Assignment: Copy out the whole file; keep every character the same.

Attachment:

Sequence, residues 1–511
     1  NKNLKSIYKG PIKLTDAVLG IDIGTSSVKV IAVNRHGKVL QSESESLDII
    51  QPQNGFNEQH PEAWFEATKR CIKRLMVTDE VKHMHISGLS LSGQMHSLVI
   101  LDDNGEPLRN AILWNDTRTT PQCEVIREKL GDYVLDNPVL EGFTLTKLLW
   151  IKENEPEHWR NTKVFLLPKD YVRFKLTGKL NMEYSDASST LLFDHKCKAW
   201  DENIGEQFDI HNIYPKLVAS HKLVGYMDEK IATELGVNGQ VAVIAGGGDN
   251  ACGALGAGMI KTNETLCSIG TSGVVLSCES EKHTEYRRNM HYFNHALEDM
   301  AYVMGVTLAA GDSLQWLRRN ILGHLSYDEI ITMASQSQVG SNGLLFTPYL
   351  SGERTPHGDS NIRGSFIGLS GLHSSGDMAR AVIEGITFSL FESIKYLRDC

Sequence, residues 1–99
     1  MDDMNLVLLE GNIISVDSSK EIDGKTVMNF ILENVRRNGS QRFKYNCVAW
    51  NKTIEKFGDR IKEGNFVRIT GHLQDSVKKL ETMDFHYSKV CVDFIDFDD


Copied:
Sequence, residues 1–511
     1  NKNLKSIYKG PIKLTDAVLG IDIGTSSVKV IAVNRHGKVL QSESESLDII
    51  QPQNGFNEQH PEAWFEATKR CIKRLMVTDE VKHMHISGLS LSGQMHSLVI
   101  LDDNGEPLRN AILWNDTRTT PQCEVIREKL GDYVLDNPVL EGFTLTKLLW
   151  IKENEPEHWR NTKVFLLPKD YVRFKLTGKL NMEYSDASST LLFDHKCKAW
   201  DENIGEQFDI HNIYPKLVAS HKLVGYMDEK IATELGVNGQ VAVIAGGGDN
   251  ACGALGAGMI KTNETLCSIG TSGVVLSCES EKHTEYRRNM HYFNHALEDM
   301  AYVMGVTLAA GDSLQWLRRN ILGHLSYDEI ITMASQSQVG SNGLLFTPYL
   351  SGERTPHGDS NIRGSFIGLS GLHSSGDMAR AVIEGITFSL FESIKYLRDC

Sequence, residues 1–99
     1  MDDMNLVLLE GNIISVDSSK EIDGKTVMNF ILENVRRNGS QRFKYNCVAW
    51  NKTIEKFGDR IKEGNFVRIT GHLQDSVKKL ETMDFHYSKV CVDFIDFDD